Rise of the GastroPub – Four In Hand Dining Room
Restaurant: Four In Hand (Dining Room)
Location: 105 Sutherland Street, Paddington, NSW, 2021
Chef: Colin Fassnidge
Hats: 2 (2015)
Editor’s Note: Since this review, Colin Fassnidge has sold Four in Hand to Public House Management Group. Four in Hand is now overseen by Guillaume Brahimi. Colin Fassnidge now owns 4Fourteen.
“Lets get some pub grub tonight Mookie” I suggest with a smile knowing that I have a booking at arguably the best gastro pubs in Sydney, though I must admit I have always had reservations about mixing fine dining with a pub setting. Mookie agrees readily, no surprises there. I have already ordered a special bottle of Cristal 2006 Champagne because its Mookie’s birthday (she loves champagne). I requested it be chilled and waiting for us when we arrive. We stop via a friend’s stellar solo art show (click here to see examples of her prodigious talent) as a Saturday afternoon surprise before heading on to the Four In Hand in Paddington. Arriving at the pub 15 minutes early we order a beer and wait for our 6pm booking whilst watching the shenanigans of the pub crowd as they watch the Saturday evening AFL, Mookie attempts to educate me to no avail.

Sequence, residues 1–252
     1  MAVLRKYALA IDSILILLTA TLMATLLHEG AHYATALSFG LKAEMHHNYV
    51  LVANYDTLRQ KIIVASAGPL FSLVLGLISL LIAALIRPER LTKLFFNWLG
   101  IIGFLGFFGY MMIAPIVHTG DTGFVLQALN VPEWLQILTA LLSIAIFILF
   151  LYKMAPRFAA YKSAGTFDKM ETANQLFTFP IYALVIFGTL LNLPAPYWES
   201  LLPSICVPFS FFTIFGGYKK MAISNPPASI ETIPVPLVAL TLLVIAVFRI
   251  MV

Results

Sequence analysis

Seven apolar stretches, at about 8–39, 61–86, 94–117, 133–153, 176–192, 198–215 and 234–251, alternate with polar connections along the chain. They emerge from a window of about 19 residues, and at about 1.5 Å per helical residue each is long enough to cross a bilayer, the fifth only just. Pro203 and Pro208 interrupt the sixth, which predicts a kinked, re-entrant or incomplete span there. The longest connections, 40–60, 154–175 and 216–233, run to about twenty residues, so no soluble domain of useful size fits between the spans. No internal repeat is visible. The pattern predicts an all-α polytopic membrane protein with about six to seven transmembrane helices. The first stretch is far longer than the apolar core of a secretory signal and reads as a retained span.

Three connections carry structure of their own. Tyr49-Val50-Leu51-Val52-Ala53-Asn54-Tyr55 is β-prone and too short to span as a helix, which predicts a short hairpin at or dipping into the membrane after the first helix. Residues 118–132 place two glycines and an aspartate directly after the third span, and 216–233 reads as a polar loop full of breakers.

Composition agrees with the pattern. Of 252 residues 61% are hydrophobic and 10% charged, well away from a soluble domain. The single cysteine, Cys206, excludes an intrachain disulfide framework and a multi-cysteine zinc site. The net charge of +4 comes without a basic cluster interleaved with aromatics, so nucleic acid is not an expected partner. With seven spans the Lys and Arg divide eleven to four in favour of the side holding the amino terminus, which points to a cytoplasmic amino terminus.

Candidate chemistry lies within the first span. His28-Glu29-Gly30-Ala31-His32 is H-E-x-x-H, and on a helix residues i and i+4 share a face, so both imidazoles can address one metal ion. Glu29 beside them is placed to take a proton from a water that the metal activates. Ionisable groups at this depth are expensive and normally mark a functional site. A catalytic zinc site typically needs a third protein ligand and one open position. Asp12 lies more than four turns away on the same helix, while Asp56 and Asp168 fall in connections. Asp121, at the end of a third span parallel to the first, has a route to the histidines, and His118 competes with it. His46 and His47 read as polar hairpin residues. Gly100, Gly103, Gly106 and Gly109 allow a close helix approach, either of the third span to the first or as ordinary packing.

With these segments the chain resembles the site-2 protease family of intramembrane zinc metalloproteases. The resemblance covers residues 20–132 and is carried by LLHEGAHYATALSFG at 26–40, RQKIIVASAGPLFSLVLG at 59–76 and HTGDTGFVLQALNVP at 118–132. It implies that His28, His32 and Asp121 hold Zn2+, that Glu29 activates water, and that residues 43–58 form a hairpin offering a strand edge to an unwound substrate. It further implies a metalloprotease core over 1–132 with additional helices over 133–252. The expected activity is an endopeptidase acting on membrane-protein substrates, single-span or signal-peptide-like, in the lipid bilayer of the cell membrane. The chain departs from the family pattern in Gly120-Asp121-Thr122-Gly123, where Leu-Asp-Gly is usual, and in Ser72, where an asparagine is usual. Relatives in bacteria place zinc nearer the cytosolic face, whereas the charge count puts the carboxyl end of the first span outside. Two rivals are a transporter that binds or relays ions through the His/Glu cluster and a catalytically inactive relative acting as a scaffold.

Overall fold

6pm arrives and we head to the door to the dining room, only to be asked to exit while the staff finish their briefing “Two minutes more please”, I look at the time 6.02pm. OK that is odd but *shrug* no biggie. We sit down then suddenly not 30 seconds later a head appears through the door out to say “you can come in now”.